New Delhi, Feb. 11: Afzal Guru’s last request to Tihar jail officials was for a pen and paper.
Minutes earlier, around 5.15 on Saturday morning, the Parliament attack convict had signed his death warrant. He now wanted to write a letter to his wife Tabassum and son Gahlib, 14.
“As soon as we gave him a pen and paper he asked us to leave him alone for half an hour. He told us he loved his wife and son very much and wanted to leave a message for them,” a senior jail official said.
After finishing the letter written in Urdu, Afzal handed the two pages to the officials. Asked what he had written, he said it was his “last message” for his wife and kid.
“Koi shikwa gila nahin likha hai. Sirf aakhri paigam hai unke liye (I have not written about my grievances or any complaints. I am leaving my last message for them),” he said.
“We felt sad when he remembered his son and prayed for his long life along with that of his wife. That was the only time his eyes moistened,” the official said.
Jail officials said Afzal appeared shaken after signing the death warrant but maintained his composure. “He told us he was not worried about his family and was leaving everything to God. He said the Almighty looks after everybody and He would take care of them. He said he was a god-fearing man and always believed in fate,” another prison official recalled.
Sunil Gupta, law officer, Tihar, today said the letter was posted on Saturday afternoon after the 8am hanging. “We sent it by Speed Post and, hopefully, they must have got it by today.”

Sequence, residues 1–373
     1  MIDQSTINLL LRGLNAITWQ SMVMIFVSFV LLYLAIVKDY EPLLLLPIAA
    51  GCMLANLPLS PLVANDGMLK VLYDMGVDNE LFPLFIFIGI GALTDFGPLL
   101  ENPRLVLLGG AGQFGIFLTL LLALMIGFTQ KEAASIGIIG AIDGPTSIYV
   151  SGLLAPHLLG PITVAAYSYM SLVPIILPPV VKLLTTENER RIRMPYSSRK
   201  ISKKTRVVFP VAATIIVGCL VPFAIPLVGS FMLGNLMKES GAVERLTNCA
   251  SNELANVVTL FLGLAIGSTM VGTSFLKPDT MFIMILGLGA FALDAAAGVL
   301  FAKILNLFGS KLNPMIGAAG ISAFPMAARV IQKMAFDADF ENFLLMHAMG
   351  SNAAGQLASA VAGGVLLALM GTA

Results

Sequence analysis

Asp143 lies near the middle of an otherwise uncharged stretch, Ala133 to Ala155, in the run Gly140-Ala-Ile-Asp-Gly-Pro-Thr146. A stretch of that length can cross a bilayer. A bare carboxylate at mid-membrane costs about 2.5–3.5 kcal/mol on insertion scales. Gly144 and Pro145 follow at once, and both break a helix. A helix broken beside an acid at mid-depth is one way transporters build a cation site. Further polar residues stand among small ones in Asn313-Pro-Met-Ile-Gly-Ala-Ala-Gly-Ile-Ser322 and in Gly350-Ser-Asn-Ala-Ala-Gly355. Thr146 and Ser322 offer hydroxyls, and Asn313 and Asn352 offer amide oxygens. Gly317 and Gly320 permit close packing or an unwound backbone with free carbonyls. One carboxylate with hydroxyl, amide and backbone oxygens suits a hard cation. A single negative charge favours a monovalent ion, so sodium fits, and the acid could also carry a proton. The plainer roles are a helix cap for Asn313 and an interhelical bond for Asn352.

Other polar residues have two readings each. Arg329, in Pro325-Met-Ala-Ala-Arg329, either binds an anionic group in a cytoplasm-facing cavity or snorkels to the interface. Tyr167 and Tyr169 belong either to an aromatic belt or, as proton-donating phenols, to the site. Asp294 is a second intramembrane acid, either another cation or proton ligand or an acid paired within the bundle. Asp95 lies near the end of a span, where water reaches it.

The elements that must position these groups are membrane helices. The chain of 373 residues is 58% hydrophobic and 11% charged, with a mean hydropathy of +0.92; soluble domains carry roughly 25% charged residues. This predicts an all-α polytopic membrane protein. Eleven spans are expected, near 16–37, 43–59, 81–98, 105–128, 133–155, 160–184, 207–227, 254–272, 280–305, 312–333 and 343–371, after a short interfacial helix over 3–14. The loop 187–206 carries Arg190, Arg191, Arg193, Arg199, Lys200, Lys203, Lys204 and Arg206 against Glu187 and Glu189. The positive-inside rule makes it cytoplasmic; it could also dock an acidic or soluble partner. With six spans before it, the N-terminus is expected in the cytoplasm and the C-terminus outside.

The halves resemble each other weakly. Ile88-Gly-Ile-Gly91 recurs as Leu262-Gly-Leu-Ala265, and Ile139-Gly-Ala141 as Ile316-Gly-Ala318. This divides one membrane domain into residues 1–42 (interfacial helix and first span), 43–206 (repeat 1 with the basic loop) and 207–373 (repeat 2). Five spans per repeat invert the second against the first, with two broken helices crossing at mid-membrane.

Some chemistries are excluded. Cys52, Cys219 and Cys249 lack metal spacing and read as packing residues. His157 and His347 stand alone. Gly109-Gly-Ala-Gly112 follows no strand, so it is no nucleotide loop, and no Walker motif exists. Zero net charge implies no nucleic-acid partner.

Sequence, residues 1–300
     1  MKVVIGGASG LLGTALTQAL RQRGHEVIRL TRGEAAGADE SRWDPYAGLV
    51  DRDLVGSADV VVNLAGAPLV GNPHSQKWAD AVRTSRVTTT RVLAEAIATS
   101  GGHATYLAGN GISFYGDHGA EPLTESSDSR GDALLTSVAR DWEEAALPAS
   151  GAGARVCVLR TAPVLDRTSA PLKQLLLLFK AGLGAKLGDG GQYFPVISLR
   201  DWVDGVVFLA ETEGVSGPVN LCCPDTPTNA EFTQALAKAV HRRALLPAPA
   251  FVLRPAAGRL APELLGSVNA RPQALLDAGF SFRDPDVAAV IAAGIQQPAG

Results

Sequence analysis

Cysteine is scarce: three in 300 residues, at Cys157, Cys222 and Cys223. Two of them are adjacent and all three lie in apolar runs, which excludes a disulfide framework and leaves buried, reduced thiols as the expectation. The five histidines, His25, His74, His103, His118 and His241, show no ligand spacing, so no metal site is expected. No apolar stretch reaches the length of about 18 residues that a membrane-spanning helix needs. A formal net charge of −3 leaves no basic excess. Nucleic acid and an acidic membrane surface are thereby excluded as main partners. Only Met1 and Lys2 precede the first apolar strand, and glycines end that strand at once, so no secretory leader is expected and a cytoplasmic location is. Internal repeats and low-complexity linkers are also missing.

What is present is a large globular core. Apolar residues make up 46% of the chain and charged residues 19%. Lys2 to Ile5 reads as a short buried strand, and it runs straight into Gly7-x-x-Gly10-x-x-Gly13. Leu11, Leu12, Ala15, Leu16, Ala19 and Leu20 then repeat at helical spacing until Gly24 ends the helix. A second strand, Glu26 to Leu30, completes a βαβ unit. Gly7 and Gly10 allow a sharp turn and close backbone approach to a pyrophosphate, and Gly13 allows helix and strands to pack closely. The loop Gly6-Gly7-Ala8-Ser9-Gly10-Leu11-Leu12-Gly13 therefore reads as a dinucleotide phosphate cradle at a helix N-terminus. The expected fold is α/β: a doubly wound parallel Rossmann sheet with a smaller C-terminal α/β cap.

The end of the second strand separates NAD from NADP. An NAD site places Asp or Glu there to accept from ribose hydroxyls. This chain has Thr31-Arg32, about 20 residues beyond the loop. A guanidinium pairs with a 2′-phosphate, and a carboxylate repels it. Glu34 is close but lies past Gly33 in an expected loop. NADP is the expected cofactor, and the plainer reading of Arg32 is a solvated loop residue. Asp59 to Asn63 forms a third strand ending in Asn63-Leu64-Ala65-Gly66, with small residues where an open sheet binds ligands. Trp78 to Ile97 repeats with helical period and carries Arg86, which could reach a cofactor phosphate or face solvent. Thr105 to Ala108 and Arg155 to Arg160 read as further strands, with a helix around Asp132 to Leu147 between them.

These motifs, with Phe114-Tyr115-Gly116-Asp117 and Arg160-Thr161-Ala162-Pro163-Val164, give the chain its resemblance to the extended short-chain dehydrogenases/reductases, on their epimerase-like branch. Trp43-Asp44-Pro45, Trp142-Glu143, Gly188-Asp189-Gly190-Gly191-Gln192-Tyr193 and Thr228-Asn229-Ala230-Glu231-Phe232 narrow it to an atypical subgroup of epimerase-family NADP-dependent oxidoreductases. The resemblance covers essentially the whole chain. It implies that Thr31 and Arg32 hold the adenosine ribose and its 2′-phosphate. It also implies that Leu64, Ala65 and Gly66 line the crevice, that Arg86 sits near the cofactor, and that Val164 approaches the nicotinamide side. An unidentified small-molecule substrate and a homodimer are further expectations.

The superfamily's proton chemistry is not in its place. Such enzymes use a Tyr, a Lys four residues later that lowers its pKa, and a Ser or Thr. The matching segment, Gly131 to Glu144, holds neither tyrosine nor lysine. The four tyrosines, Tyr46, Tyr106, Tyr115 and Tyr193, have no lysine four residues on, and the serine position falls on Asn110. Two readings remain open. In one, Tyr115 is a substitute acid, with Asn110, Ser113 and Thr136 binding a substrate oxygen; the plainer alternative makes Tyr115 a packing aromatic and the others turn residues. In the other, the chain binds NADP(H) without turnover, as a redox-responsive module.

The letter has not reached his wife yet. “We haven’t received any such letter till today,” Yaseen Guru, Afzal’s cousin, told The Telegraph from Kashmir.
Jail officials said Afzal was informed of his imminent hanging at 10pm on Friday when he was preparing to go to sleep. He spent the night praying and reciting the Quran.
He was calm when the hour of execution arrived and he was led out of his 16ftx12ft high-security cell to the gallows, barely 300 metres away. “Normally, terrorists or people involved in such crimes make political or religious speeches while being taken from their cell to the gallows. But he was quiet. We saw a faint smile on his face and he wished everybody ‘Khuda hafiz’ before facing the gallows,” a jail official said. “We have never seen a person facing death so calm.”
A Tihar source said Afzal used to spend most of his time reading or writing in his solitary cell. “He had a radio and listened to music occasionally.”
Afzal has left behind in his cell a collection of books on Urdu poetry, politics and religion, his own writings and a pair of spectacles. “We have kept all his belongings with us and they will be given to the family if the government asks us to do so,” said a senior official.
Nandita Haksar, one of the lawyers who represented Afzal, said he was an “avid” reader and writer. “I gave him many books on politics and religion and he loved reading Urdu poetry. I gave him some books written by Chomsky last year which he liked very much.”
Afzal had also asked for Maulana Abul Kalam Azad’s India Wins Freedom from the jail library.
“We will meet the DG prisons tomorrow and ask her to give his belongings to the family and also to allow them to perform dua (prayer) at his grave inside the jail premises,” Haksar said.